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'Light It Up': Preaching From The Choir

By Rita Kempley
Washington Post Staff Writer
Wednesday, November 10, 1999


    'Light It Up' Usher Raymond and Forest Whitaker star in "Light It Up." (20th Century Fox)
"Light It Up," an earnest urban drama reminiscent of 1985's oh-so-suburban "Breakfast Club," is also inspired by the sticky nobility of "Dangerous Minds." Only in this case, Judd Nelson substitutes for Michelle Pfeiffer as the dedicated outsider giving it up for inner-city kids.

This formulaic, preachy movie was written by Craig Bolotin, who made his directorial debut with the 1993 teen romance "That Night." It's more plausible than the fluffy "Dangerous Minds," in which Pfeiffer tamed her troubled class with help from the picture's oldies soundtrack. Along with a more contemporary mix of hip-hop, pop and R&B tunes, "Light It Up" benefits from affecting performances from a gifted cast headed by R&B heartthrob Usher Raymond.

Raymond plays Lester, a star athlete at a dilapidated Queens high school, who leads a class protest with the beautiful, college-bound Stephanie (Rosario Dawson), after their favorite instructor (Nelson) is fired for keeping it real. Though the rally is peaceful, the fusty principal orders the tough-talking, baton-wielding policeman-in-residence (Forest Whitaker) to force the kids back to their desks.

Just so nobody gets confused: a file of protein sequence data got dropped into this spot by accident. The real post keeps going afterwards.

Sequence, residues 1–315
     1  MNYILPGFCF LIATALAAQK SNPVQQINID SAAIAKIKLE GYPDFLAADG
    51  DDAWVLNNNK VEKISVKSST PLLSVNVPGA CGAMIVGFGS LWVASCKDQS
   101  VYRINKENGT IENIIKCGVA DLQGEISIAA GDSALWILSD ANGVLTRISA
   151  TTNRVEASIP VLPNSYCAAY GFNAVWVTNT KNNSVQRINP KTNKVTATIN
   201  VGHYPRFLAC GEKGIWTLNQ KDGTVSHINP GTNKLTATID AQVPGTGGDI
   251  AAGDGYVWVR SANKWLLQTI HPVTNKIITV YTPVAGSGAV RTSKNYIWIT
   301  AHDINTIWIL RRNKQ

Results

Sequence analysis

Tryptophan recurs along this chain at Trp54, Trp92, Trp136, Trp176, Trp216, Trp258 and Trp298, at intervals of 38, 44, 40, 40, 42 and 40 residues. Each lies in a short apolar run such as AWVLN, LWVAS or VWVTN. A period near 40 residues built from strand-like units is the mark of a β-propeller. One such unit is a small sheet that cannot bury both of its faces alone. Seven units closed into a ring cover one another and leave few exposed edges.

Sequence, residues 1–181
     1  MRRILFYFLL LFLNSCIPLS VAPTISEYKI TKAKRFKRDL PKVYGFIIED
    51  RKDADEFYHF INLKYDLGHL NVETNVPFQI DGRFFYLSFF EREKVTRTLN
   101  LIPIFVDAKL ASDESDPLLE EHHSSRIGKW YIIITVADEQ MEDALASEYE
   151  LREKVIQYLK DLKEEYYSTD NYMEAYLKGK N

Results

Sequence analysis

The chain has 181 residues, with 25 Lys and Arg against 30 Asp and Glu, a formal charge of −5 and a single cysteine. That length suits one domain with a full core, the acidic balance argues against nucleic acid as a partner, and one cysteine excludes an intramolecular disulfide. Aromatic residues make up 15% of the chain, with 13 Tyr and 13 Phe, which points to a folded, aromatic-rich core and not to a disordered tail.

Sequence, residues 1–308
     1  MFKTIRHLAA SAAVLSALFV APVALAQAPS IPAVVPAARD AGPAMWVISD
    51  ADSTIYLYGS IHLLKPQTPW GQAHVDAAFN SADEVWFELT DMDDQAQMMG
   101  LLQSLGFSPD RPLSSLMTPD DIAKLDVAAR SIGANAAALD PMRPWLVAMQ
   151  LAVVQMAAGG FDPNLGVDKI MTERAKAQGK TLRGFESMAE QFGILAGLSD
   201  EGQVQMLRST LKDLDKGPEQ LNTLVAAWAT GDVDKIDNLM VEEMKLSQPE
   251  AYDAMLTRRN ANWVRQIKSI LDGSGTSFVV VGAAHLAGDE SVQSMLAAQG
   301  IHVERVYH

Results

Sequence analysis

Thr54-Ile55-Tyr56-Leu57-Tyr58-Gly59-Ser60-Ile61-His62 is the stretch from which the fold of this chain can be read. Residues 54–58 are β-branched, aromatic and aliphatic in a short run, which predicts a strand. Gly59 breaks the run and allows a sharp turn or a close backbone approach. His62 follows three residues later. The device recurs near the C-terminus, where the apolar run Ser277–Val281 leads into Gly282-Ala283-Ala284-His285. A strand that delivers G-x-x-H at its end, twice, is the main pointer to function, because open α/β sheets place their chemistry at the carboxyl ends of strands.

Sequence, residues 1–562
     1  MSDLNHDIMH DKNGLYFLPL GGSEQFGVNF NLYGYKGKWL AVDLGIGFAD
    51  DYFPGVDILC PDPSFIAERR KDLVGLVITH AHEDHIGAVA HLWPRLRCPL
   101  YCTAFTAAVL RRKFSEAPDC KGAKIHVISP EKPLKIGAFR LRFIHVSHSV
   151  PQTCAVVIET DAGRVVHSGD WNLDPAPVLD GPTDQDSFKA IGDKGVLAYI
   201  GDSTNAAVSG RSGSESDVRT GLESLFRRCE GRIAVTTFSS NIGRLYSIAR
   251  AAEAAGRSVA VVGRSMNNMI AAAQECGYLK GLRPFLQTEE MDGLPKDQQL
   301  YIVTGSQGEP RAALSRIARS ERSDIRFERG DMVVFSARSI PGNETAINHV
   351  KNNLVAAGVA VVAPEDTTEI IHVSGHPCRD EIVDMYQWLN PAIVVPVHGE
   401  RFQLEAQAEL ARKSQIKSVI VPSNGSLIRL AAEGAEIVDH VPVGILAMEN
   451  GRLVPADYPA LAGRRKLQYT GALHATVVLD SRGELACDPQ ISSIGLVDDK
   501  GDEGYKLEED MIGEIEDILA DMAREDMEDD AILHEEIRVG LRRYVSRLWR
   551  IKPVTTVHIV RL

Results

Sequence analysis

When a shot is fired and the cop is accidentally wounded, SWAT teams are summoned, the building surrounded and six of the protestors are barricaded inside with Whitaker as a hostage. The NYPD, the media and the school bureaucracy assume that the protestors are gangbangers, a misperception that the kids must correct if they are to survive the crisis and make the most of this public platform.

After years of neglect, the kids realize that this is an opportunity to be heard. And they have a lot to say about the broken windows, lack of textbooks and freezing classrooms. Their list of demands also include fixing the leaky roof and rehiring their beloved teacher. Alas, the NYPD's understanding negotiator (Vanessa L. Williams) is unable to prevail against her small-minded, impatient superiors.

Along with Raymond and Rosario, the players include film newcomer Robert Ri'chard as a sensitive artist; Clifton Collins Jr. as a hip dealer; Sara Gilbert as a pregnant punk-rocker; and Fredro Starr as the lone gang member in the party of six.

How far we've come. To think that the disparate members of "The Breakfast Club" were only in detention and nobody was packing anything more lethal than lunch. Of course, the teens of "Light It Up" would probably love to have it so cushy. For that matter, so would most kids obliged to come of age in today's more dangerous, difficult world.

Light It Up (98 minutes) is rated R for profanity, some drug use and violence.

© Copyright 1999 The Washington Post Company

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